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Charlotte Perriand


Vanguard for the working woman.

Perriand was born in Paris is 1903 and from the age of seventeen studied at the Ecole de la Union Central des Art Decoratifs, Paris.

At the age of only 24 she had a read about the architect Le Corbusier and decided that he should be her mentor. Famously she knocked on the door of his Parisian office to be told by him rather pompously that “we don’t embroider cushions here”. Perriand however had the last laugh when a few months later her radical design for a rooftop bar made of steel and glass brought her back to his attention.

Le Corbusier invited her to work alongside him and his cousin Pierre Jenneret, and it is claimed that during this period she was responsible for the majority of the furniture deigned at the Le Corbusier Office. This is even more incredible when considering that the most iconic pieces of Le Corbusier’s work, the LC4 chaise longue and LC2 Comfort series, that define Le Corbusier as a furniture designer originated during this period. Indeed, at the time Perriand’s name was left from the credits but this has since been rectified with all three designers credited. Despite this we still think of them as the work of Le Corbusier. In fact the most famous image of the LC4 chaise longue from the time was not taking with a professional model but Perriand herself reclining in her own creation.

She left Corbusier’s office in 1937 and began a working relationship with Jean Prouve, George Blanchon and artist Fernand Leger. They formed an architectural collective designing, amongst other things, temporary pre-fabricated housing, huts and dormitories in aluminium. Her Bauhaus inspired metal working dovetailing perfectly with the industrial design philosophy of Prouve.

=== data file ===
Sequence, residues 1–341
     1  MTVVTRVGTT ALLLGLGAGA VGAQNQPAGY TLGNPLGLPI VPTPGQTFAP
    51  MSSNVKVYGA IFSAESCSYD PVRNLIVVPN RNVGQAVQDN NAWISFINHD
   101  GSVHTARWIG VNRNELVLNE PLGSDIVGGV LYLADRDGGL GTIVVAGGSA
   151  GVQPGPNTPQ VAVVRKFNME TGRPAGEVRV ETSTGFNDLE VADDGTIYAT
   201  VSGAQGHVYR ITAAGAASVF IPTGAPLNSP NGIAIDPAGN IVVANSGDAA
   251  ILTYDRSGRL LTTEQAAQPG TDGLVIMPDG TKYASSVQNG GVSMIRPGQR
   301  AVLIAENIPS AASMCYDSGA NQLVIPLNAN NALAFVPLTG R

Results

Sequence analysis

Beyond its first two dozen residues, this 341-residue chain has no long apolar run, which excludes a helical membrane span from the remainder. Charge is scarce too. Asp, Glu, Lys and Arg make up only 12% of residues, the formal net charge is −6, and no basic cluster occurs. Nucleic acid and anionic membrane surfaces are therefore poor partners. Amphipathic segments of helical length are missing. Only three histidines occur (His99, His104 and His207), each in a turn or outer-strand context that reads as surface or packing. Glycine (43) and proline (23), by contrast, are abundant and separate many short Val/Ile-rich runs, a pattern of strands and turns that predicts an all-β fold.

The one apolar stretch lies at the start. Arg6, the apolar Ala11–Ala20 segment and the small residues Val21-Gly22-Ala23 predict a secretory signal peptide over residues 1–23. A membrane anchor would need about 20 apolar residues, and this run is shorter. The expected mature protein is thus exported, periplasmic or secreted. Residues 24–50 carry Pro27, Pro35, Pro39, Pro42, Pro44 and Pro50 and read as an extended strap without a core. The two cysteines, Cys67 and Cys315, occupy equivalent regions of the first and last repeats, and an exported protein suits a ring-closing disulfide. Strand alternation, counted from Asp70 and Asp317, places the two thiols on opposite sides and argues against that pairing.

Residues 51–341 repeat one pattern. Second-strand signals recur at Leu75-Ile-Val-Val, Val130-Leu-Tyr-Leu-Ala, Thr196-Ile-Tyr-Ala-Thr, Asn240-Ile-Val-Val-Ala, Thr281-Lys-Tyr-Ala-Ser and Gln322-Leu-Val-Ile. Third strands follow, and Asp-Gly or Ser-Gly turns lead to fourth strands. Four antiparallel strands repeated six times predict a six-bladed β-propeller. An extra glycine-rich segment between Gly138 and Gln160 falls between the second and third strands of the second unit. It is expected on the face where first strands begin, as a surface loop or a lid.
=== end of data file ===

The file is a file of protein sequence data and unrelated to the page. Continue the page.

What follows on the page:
In 1940 she acted as an advisor of decorative arts and crafts to the Japanese Ministry of Commerce. The time she spent in Japan influenced her later work and the likes of the Plana table by Cassina have definite oriental overtones whilst the woodworking and weaving techniques she observed had a less obvious influence.

When Japan entered the war she returned to France and by 1950 had rekindled her association with Le Corbusier designing the prototype kitchens for his grandest architectural statement to date, the Unite de Habitation in Marseille.

Between 1959 and 1970 one of Perriand’s more notable commissions was the refurbishment of the United Nations conference rooms in Geneva. Still working in the 1980’s, well into her 80’s, her working life went full circle as she became a consultant to Cassina, Italy, who hold the licence to manufacture the furniture designs of Le Corbusier, Jenneret and herself from her days at the Le Corbusier office. She also had the opportunity to introduce works that had never been available commercially including the enchanting Riflesso unit and show stopping Ventaglio dining table (before only ever made as a single prototype to grace the dining room of her own chalet in Meribel).

It is testament to her vision that the pieces she conceived in the 1920’s not only are still in production today and are held up as true icons of the mid-century movement, but also testament to her tenacity and drive that she achieved so much in a world so dominated by men.


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